Turning the tables
In its fourth-quarter report, Cavium noted that its Enterprise and Service Networks business experienced softness due to macroeconomic uncertainties. In addition, the company's major customer, Cisco (NAS: CSCO) , was restructuring its business, resulting in lower orders. But now, it seems that both these factors are turning in Cavium's favor.
With Cisco's restructuring in place, I expect Cavium will see orders flow in. Moreover, Cavium already has contract wins worth $600 million in the pipeline, and this gives me some hope for a quicker turnaround. Analysts at J.P. Morgan project that the company's revenue will grow 20% annually in the long run. That's reassuring!
Innovations make a difference
What really adds to Cavium's credentials are its innovation and product development moves. The company spent almost 40% more on research and development than last year, and has come out with a cutting-edge product. Its latest OCTEON III processor, powered by MIPS Technologies' MIPS64(R) architecture, promises enhanced performance at lower cost and can be applied across a variety of areas, such as cloud computing, infrastructure equipment, and routers, among others. This chip will probably help Cavium gain more customers and spin more revenue in the future.
The company's capability to innovate has also helped it gain some momentum in its wireless display business. Acer's newly released WiView monitors will be powered by Cavium processors. In addition, the company is collaborating with Qualcomm (NAS: QCOM) subsidiary Qualcomm Atheros to develop wireless TV adapters. These moves will probably provide more thrust to the top line, and also take some stress off its Enterprise segment.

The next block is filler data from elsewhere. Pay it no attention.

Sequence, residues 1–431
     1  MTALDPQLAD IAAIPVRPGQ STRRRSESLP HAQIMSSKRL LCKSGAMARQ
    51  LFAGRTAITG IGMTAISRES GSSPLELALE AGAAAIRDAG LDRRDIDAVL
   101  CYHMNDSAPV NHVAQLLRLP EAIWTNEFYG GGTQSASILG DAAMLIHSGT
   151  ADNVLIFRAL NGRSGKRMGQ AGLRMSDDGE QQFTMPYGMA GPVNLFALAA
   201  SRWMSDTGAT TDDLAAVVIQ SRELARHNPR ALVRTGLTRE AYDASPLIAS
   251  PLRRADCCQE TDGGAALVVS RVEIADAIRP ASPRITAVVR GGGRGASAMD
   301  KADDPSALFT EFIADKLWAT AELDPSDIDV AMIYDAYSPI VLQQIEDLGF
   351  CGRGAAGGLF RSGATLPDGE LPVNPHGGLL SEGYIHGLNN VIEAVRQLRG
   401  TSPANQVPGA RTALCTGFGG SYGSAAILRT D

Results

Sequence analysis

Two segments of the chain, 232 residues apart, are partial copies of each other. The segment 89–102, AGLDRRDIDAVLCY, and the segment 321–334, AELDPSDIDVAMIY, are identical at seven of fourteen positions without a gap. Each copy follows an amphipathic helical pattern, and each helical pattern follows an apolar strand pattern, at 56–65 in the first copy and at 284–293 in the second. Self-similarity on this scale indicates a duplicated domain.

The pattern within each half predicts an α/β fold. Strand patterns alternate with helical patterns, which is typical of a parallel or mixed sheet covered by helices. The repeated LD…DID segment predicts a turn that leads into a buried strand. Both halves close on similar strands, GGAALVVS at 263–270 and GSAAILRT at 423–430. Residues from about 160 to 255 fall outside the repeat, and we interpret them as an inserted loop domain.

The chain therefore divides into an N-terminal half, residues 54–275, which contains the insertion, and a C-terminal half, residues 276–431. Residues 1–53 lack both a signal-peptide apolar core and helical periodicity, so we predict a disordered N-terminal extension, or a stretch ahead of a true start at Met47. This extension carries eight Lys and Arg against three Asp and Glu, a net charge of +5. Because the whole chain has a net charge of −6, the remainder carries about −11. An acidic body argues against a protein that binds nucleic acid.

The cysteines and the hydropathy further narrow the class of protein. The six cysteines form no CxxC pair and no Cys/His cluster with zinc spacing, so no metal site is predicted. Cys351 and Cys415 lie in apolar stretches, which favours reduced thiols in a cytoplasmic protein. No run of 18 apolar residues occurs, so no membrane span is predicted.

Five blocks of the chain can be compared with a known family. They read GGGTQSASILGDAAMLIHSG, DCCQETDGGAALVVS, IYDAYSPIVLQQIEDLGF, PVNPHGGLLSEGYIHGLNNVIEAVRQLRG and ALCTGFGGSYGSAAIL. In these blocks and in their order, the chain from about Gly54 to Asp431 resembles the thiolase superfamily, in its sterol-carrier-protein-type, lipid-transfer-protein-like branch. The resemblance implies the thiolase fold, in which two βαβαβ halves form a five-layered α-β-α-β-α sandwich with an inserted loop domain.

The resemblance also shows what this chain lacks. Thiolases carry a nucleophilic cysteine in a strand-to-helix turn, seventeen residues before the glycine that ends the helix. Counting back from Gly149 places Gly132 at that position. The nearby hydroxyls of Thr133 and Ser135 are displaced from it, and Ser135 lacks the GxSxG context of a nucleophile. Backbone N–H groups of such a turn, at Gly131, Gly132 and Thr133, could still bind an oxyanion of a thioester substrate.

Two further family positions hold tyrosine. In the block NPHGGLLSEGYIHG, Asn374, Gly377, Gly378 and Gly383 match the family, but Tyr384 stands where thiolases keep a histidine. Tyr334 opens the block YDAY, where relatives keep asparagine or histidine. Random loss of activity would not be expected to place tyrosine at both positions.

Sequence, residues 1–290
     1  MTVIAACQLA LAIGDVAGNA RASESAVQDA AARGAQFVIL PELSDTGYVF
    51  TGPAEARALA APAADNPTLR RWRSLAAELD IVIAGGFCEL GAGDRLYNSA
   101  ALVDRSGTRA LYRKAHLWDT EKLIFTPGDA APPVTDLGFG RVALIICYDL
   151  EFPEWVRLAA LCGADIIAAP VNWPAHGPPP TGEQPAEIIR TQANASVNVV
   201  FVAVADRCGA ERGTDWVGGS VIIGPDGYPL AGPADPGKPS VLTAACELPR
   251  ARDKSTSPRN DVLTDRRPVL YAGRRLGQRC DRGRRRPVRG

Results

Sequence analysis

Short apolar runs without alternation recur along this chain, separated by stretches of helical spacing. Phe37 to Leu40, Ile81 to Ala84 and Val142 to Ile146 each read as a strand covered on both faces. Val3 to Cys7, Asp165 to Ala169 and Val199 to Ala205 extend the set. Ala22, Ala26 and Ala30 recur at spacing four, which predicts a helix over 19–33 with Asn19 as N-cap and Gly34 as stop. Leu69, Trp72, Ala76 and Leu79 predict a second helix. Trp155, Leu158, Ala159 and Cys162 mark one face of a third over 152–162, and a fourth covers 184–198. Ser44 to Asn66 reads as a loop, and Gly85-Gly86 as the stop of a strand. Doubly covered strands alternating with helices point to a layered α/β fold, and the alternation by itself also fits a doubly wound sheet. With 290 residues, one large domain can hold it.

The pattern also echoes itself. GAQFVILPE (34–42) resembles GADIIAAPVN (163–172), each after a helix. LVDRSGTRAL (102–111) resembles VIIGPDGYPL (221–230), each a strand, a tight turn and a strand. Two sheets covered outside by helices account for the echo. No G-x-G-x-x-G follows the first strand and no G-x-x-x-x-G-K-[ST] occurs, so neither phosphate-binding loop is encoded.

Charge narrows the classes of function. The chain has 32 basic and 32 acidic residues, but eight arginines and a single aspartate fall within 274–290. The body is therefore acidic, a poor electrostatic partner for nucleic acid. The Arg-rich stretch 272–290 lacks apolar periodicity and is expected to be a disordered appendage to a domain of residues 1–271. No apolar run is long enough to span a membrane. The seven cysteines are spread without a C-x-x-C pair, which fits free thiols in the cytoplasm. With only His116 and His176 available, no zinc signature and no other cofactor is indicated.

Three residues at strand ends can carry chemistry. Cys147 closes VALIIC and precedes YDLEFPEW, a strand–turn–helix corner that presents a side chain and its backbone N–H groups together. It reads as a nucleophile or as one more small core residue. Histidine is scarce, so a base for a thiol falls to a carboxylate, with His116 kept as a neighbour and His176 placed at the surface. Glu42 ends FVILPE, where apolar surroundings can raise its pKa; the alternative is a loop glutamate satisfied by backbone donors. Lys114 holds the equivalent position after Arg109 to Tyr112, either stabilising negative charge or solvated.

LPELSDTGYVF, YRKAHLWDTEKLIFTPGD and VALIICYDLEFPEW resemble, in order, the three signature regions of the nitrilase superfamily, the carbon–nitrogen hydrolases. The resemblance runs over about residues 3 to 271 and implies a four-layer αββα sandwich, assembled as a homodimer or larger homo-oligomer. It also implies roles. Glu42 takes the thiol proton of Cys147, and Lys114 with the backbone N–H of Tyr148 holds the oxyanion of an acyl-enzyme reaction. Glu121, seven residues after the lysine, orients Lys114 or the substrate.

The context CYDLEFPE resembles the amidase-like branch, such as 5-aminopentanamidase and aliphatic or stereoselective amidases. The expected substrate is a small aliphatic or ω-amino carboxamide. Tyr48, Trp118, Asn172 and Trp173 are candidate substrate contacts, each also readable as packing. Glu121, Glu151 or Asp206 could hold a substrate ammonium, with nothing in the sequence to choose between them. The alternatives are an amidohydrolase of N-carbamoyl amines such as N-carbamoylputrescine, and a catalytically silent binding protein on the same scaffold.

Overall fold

The Foolish takeaway
Cavium missed the Street's revenue expectations in the just-concluded quarter by a whisker, but it did beat the Street on earnings per share. However, with the industry showing signs of revival and a strong pipeline to complement this, I believe the company can get its top line back in acceleration mode.
It would make sense to hold on to Cavium and reap the benefits when it gets going. In case you still doubt the company's potential, you may add Cavium to your Watchlist and track its progress.
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At the time thisarticle was published Fool contributor Harsh Chauhan owns none of the stocks mentioned in the article. The Motley Fool owns shares of Qualcomm and Cisco Systems. Motley Fool newsletter services have recommended buying shares of Cisco Systems. Try any of our Foolish newsletter services free for 30 days. We Fools may not all hold the same opinions, but we all believe that considering a diverse range of insights makes us better investors. The Motley Fool has a disclosure policy.
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